I've been retired for more than 15 years, but my retirement REALLY wasn't for health reasons (unless you want to say I would've gone insane if I continued with that boss!!!)... But I am thankful the RLS didn't start while I was working; I don't know how I wold have handled it since it was a sit-down job at a drafting table. And for sure the boss wouldn't have been happy if I stood up a lot or paced! AT THE CURRENT TIME my RLS is being handled fairly well by my meds (recently tweaked by the Neurologist). My BIGGEST worry is if/when I am too old or frail to be able to walk around much---- OR, if/when I need surgery for something in the future. Being laid up in a Hosp. bed would drive me nuts.... and the same goes for most of us. I'm hoping your retirement will go smoothly and you both stay healthy as best you can!

jerilyn
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Re: What Severe RLS is Like

Postby jerilyn » Mon Mar 06, 2017 6:42 am

Constantly moving your legs, bouncing your knees under your desk at work, having to find reasons to get up and walk many times throughout the day, trying to stay awake and productive at work when you've had little or no sleep and hoping you don't fall asleep at your desk, loving to travel but hating the fear that the RLS will make it nothing but misery, feeling like a fraud when having to ask for sickleave because your boss and co-workers and even the leave approval people probably think it is all in your head and you just want time off, feeling isolated at home and work and anywhere social because so many people just don't understand that RLS is not in my head, it is real and it is horrible and I wouldn't ever wish it on even my own worst enemy. And wondering most of all what quality of life you will have living with this disease. That is what severe RLS is like to me. I'm lucky because my spouse supports me and is even taking time off to help me through the DAWS withdrawal process I'm going through, but I haven't reached the worse of the DAWS yet, I still have those 10 days of no medicine looming over me. I fell embrassed and guilty having to ask for time off and wondering if my boss really thinks I have a problem.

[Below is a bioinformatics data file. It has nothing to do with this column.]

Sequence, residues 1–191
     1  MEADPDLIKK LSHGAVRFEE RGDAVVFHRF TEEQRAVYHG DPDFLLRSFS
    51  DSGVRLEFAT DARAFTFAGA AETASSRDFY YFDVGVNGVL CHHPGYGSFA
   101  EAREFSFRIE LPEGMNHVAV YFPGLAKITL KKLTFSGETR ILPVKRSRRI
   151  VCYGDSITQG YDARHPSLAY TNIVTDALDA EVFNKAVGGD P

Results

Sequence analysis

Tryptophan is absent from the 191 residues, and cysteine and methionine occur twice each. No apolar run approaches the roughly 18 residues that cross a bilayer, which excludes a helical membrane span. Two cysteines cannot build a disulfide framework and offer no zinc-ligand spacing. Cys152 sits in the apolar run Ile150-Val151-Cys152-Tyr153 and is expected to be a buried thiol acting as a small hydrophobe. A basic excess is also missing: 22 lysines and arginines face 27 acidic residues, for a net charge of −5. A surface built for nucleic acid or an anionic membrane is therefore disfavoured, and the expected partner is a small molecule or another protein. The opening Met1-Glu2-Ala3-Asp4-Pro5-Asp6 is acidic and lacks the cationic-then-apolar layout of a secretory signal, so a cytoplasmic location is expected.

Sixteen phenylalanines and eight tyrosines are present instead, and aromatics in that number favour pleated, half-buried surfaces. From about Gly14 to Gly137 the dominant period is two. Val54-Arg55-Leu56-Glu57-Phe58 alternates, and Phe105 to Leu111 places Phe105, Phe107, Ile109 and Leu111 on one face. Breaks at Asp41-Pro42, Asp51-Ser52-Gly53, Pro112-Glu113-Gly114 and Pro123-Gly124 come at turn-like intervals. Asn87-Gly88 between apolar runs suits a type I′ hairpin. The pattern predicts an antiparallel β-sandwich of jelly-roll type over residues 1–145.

Polar Bear
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Re: What Severe RLS is Like

Postby Polar Bear » Mon Mar 06, 2017 12:30 pm

jerilyn - everyone here will echo your post. It explains very well how we feel.
Betty
http://www.willis-ekbom.org/about-rls-wed/publications
Opinions presented by Discussion Board Moderators are personal in nature and do not, in any way, represent the opinion of the RLS Foundation

SLEEPY ANGEL
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Re: What Severe RLS is Like

Postby SLEEPY ANGEL » Mon Mar 06, 2017 12:45 pm

jerilyn
....You have so clearly put into words what this disease is like, and exactly why I'm so grateful that it didn't start for ME until I had retired (quit because of the awful boss). I KNOW employers just don't "get it" so it becomes a real challenge to get your work done if the boss begins to think of firing you...and that would surely have happened to me if rls began back then. My heart goes out to you. Thankfully you have a supportive spouse! Even my closest friends don't seem to appreciate what rls is like, and I try not to talk about it all the time since it sounds like I'm "obsessing" about my health; but it really isn't out of my mind for good portions of the day.